New Bill Gives FTC More Power for Investigations and Fines

The recent FTC fines and microscope focused on privacy continues to create an environment for new legal processes and regulations. Recently a few senators have introduced a new bill that gives the FTC move flexibility to investigate big tech companies and levy heavy fines. The full article from Gizmodo can be found here.

Credit: Charlie Neibergall (AP)

Here are a few key takeaways from the article:

“The two Democrats call it the “Monopolization Deterrence Act,” Reuters reported. This legislation would grant the Department of Justice and Federal Trade Commission the ability to levy civil penalties when companies break antitrust law, up to 15 percent of the company’s total U.S. revenue or 30 percent of its U.S. revenue in affected markets.”

“Our legislation would empower our antitrust watchdogs with new tools to deter monopolization of market power and hold bad actors accountable,” Blumenthal said in an emailed statement to Gizmodo. “American consumers and workers are being crushed by corporate consolidation, and our outdated laws have failed to keep pace with our modern economy.”

It will be interesting to see if these fines continue how business practices will evolve over time. One specific area around the Right to Erasure is one to watch closely.

For digital marketer and legal teams, the greatest hurdle may be the “Right to Erasure/Deletion” function itself.  Contemporary organizations are searching for a module-based solution such as RIVN to step up to meet this need with an easy to use SaaS-based single function that allows brands worldwide to meet business needs and be ready for what is next.

To learn more about RIVN and RIVN Delete option please visit https://www.rivnco.com/products/

To learn more about regulations mentioned above please see the following links below:

Australian Consumer Privacy Rights and COPPA

Recently the Financial Review published an article that can be found here that highlights some comments from Innovation Summit regarding consumer privacy rights. Richard Wise, the CEO of WiseTech, spoke on several topics including privacy, workforce automation, and specifically child privacy rights.

Credit: Peter Braig

Here are some key excerpts from Wise’s comments:

“I think no regulation is bad, and also heavy regulation is bad … but ultimately one thing we should agree on is that we should protect our children, up until a reasonable age, (given) they don’t understand what privacy is, why they should have it and how they should delegate it.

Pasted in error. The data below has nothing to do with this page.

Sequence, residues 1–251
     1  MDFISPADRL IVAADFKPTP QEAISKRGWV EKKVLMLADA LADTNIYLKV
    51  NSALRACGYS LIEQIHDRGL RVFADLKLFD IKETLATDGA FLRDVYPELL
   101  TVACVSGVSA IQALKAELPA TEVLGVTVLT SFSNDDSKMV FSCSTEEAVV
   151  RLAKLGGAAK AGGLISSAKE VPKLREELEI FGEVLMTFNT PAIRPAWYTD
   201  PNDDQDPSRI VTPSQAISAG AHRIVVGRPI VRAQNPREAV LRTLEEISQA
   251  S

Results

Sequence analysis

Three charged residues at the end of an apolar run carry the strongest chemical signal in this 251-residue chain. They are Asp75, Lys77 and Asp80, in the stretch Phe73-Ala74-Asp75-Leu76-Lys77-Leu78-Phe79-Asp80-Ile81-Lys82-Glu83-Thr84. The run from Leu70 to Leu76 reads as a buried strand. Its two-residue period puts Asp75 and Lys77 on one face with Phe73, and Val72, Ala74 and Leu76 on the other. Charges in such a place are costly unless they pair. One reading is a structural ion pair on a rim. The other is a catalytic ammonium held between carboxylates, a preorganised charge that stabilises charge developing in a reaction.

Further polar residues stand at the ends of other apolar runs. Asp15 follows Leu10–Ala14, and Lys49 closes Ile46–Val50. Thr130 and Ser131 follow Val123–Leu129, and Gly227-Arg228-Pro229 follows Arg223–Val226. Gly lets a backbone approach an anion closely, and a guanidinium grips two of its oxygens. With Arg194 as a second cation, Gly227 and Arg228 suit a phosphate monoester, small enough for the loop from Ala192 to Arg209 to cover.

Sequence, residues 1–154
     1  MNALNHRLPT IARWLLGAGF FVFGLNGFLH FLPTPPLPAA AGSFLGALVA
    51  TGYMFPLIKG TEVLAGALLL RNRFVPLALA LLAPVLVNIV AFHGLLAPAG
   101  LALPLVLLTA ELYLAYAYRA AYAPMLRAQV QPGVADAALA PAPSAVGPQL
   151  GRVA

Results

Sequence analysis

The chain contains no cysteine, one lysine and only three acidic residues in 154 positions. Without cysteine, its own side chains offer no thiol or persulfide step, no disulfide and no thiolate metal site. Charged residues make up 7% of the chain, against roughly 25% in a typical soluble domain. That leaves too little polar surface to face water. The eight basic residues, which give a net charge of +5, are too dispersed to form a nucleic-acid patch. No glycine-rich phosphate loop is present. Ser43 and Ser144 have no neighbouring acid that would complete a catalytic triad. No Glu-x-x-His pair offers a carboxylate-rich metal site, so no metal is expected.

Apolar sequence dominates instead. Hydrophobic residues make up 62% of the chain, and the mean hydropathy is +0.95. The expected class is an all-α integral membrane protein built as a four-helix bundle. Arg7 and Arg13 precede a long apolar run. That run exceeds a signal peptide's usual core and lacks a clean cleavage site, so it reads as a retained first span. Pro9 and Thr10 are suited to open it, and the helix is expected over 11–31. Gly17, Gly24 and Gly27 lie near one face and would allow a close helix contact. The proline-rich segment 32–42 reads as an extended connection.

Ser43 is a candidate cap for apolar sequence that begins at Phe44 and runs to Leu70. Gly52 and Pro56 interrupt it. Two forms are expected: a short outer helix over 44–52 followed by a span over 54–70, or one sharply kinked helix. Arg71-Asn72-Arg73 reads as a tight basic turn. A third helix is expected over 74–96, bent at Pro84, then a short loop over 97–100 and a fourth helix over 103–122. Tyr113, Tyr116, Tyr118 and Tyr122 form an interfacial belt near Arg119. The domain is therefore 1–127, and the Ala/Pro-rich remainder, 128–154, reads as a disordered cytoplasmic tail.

“Companies that use your personal data should be telling you in great detail when they are using that your data, what they are using it for and when they … try to monetize it some way that is not part of their original intent, they should tell you about the change, and they should do it ‘opt in’, not ‘opt out’.”

It is inevitable that Australia will start developing laws similar to COPPA laws already established in the USA. The Australian government is also working towards enabling a right to be forgotten law. For digital marketer and legal teams, the greatest hurdle may be the “Right to Erasure/Deletion” function itself.  Contemporary organizations are searching for a module-based solution such as RIVN to step up to meet this need with an easy to use SaaS-based single function that allows brands worldwide to meet business needs and be ready for what is next.

To learn more about RIVN and RIVN Delete option please visit https://www.rivnco.com/products/

To learn more about regulations mentioned above please see the following links below:

Australian Customers Want Transparency on Privacy

Australia is starting to blaze a trail when it comes to consumer privacy. After the GDPR and released last year and CCPA coming up in a few months. The Australian retail ecosystem is taken notices and preparing for what is next.  The full article from Inside Retail can be found here.

Credit: https://www.insideretail.com.au

Here are a few key takeaways from the article:

“Australia’s Online Privacy Law requires organizations to “clearly express policies” on the management of their customers’ personal information. Organizations are also required to let their customers know what type of personal data they collect, for what purpose, and how the data is collected.”